More informationLESSON 15: Floating Paper Clips ESTIMATED TIME Setup: 5 minutes Procedure: 5 10 minutes
LESSON 15: Floating Paper Clips ESTIMATED TIME Setup: 5 minutes Procedure: 5 10 minutes DESCRIPTION Utilize a careful technique to make a paper clip float on top of water. OBJECTIVE This lesson demonstrates
More informationBeverage Density Lab Density Lab Activities
elearning 2009 Introduction Beverage Density Lab Density Lab Activities Nutritionists have recently raised concerns about the increasing popularity of sodas, fruit drinks, and other beverages due to their
More informationTopic 4: Lines of Best Fit pen & paper methods
Topic 4: Lines of Best Fit pen & paper methods Let s use an example to illustrate the two methods to be discussed. A shopkeeper records the daily temperature ( C) and the number of cans of soft drink sold
More informationPressure in Fluids. Introduction
Pressure in Fluids Introduction In this laboratory we begin to study another important physical quantity associated with fluids: pressure. For the time being we will concentrate on static pressure: pressure
More informationSinking Bubble in Vibrating Tanks Christian Gentry, James Greenberg, Xi Ran Wang, Nick Kearns University of Arizona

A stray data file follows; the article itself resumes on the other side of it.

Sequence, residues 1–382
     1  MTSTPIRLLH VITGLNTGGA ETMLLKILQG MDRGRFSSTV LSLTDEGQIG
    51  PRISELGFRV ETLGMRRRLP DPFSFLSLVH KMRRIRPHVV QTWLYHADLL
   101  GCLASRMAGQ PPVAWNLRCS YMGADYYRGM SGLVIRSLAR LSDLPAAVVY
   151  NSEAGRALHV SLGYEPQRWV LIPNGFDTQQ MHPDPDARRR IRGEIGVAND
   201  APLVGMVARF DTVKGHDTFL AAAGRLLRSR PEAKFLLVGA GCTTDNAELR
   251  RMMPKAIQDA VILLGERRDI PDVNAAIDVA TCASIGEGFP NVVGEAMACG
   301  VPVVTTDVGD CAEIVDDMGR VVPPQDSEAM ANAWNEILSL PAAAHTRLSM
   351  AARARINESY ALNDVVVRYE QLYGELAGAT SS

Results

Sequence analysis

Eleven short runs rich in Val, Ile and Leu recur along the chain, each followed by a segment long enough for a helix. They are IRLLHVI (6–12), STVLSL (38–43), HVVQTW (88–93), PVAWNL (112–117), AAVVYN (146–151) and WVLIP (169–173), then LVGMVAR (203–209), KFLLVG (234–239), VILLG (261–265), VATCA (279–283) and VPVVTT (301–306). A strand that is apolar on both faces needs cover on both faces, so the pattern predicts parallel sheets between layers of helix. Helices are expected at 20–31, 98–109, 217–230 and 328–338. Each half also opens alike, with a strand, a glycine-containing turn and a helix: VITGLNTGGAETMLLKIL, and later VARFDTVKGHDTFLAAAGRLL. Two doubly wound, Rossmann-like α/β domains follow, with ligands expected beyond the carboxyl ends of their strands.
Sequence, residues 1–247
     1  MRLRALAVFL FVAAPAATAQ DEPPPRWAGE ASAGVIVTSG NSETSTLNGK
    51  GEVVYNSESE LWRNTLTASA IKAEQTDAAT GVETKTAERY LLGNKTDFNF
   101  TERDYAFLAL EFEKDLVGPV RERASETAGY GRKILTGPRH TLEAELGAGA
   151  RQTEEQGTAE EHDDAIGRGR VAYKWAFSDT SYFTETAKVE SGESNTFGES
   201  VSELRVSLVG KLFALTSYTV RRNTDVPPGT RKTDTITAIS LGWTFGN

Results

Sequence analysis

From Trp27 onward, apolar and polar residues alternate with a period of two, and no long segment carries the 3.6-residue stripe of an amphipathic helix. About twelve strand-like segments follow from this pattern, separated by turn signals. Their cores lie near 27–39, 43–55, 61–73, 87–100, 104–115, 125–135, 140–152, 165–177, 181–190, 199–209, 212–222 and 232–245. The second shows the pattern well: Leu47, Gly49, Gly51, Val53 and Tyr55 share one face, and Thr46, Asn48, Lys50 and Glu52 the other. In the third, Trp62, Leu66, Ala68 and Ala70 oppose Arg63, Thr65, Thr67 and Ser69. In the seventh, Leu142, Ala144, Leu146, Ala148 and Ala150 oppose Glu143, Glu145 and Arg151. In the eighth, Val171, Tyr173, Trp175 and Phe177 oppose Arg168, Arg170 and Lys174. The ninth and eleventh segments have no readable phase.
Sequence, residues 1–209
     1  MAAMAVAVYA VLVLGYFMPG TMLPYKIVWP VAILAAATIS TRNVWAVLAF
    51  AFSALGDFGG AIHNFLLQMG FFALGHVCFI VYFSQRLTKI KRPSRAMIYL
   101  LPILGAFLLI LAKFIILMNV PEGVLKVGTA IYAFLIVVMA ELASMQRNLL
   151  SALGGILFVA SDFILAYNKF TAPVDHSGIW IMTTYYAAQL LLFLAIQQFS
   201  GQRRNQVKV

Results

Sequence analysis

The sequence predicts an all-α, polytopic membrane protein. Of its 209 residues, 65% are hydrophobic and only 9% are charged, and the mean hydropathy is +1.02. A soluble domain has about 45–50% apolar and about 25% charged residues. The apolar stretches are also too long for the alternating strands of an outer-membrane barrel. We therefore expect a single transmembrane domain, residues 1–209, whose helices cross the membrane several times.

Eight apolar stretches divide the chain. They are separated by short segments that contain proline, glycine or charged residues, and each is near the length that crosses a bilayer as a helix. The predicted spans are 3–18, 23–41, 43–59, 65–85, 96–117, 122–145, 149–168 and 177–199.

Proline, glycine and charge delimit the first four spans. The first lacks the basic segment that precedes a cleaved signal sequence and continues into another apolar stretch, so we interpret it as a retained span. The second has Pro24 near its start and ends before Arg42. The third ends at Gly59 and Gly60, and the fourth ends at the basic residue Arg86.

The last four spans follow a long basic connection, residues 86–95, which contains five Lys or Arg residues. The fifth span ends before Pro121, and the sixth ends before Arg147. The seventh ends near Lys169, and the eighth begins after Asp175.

Sinking Bubble in Vibrating Tanks Christian Gentry, James Greenberg, Xi Ran Wang, Nick Kearns University of Arizona It is experimentally observed that bubbles will sometimes sink to the bottom of their
More informationPressure In A Fluid. GE Define fluid in your own words. 2. Is a liquid a fluid? Is a gas a fluid? Explain your reasoning.
HPP Activity 38v1 Pressure In A Fluid Note that this unit contains the word "fluid" in the title. Let us carry on by examining the relationship between pressure and fluids. Exploration GE 1. 1. Define
More informationBUOYANCY! 2008, Peter Angstadt
BUOYANCY! 2008, Peter Angstadt What is buoyancy and why do I want it? Buoyancy is the principle that explains why objects float and rise to the surface of water. If your game has any liquid surfaces (like
More informationForce. Net Force Mass. Acceleration = Section 1: Weight. Equipment Needed Qty Equipment Needed Qty Force Sensor 1 Mass and Hanger Set 1 Balance 1
Department of Physics and Geology Background orce Physical Science 1421 A force is a vector quantity capable of producing motion or a change in motion. In the SI unit system, the unit of force is the Newton
More informationExperiment (2): Metacentric height of floating bodies
Experiment (2): Metacentric height of floating bodies Introduction: The Stability of any vessel which is to float on water, such as a pontoon or ship, is of paramount importance. The theory behind the
More informationIn this section, we ll review plotting points, slope of a line and different forms of an equation of a line.
Math 1313 Section 1.2: Straight Lines In this section, we ll review plotting points, slope of a line and different forms of an equation of a line. Graphing Points and Regions Here s the coordinate plane: